A worker fire ant is steadily traversing the landscape looking for a good meal to take back to the nest. Suddenly, it finds a lizard basking in the sun lying directly in its path. Undaunted, the ant goes back to the nearest foraging trail and recruits colony members to the site of the lizard. Armed with a venomous sting, the ants prepare to launch their attack.

Red imported fire ants have been marching across the southeastern United States since they arrived from South America on a cargo ship in Mobile, Alabama in the 1930s. They have spread across 14 states and 343 million acres [1], disrupting agriculture, infrastructure, and recreation along the way. Red imported fire ants are just one example of an invasive species. Invasive species are plants, animals, and microbes that have been introduced by humans to locations where they would not be found naturally. The term “invasive” is usually reserved for species that are so successful at colonizing new environments that they disrupt or alter the original ecosystem. The U.S. government also includes non-native species that cause economic harm or harm to human health in its definition of an invasive species [2]. Non-native species that persist without becoming overabundant or causing significant harm are usually termed exotic species.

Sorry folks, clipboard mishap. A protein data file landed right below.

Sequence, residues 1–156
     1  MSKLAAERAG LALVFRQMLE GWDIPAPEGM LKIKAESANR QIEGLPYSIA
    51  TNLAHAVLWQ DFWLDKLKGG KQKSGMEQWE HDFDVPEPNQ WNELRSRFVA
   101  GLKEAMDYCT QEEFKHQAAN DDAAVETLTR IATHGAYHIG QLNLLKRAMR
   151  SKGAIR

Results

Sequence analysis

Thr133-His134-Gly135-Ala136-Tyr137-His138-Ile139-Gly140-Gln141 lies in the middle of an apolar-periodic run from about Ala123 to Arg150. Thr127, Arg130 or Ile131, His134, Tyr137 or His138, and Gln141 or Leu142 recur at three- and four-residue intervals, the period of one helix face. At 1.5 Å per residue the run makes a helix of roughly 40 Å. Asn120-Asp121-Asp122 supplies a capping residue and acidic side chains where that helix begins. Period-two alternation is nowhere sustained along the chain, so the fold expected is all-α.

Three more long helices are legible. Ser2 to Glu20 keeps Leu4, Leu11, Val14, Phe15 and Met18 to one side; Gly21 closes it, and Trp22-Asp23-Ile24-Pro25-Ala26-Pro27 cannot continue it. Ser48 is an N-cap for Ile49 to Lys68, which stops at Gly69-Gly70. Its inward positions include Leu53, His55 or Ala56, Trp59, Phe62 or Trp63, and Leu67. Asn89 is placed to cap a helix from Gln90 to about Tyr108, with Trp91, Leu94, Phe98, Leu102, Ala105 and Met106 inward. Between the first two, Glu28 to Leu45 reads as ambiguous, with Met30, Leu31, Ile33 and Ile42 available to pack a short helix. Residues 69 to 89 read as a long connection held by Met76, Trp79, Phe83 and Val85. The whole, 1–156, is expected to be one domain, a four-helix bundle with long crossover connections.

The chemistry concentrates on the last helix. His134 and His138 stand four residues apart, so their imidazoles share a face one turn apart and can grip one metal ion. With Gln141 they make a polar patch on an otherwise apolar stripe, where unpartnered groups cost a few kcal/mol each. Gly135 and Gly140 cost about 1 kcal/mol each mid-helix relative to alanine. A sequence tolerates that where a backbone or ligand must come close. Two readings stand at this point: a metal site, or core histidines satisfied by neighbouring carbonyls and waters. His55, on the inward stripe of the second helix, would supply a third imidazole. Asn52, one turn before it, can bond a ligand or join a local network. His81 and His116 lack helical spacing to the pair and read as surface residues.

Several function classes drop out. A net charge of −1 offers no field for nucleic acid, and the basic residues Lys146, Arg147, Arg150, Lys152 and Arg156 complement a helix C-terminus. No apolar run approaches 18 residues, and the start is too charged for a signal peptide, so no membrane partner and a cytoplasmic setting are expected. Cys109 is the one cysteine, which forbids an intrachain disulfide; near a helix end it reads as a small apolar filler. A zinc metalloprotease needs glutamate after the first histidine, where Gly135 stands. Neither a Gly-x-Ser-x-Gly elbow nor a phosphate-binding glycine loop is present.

An Overview of Invasive Species

The United States is home to approximately 50,000 exotic species, including ~25,000 of plants, ~20,000 microbes, nearly 4,600 invertebrates, and some 300 vertebrates [3]. However, only a fraction of these species drive large-scale disturbances associated with invasive species. Invasive species are introduced through a number of different pathways. Most commonly, invasive species arrive as accidental hitchhikers in transported goods or shipping materials, such as wooden pallets or ballast water used by cargo ships. An increasingly global economy has accelerated the rate at which these introductions occur. Gardens are another common source of invasive species. Exotic species are often planted for ornamental use in landscaping, but can escape from yards and nurseries and establish wild populations. In some cases, species become invasive after being intentionally released as a way to control the population of an established pest — which is often an invasive species itself! This is an example of biological control, which, despite good intentions, often leads to the establishment of a new invasive species without having any impact on the intended pest population. This is the case with the notorious cane toad in Australia, which was introduced in order to control the cane beetle population on sugarcane plantations. However, the poisonous toads spread rapidly throughout the country without having any effect on the cane beetles.

Red imported fire ants are voracious predators, pictured here devouring a large insect. (Photo credit: T. Langkilde)

Ecosystem Impacts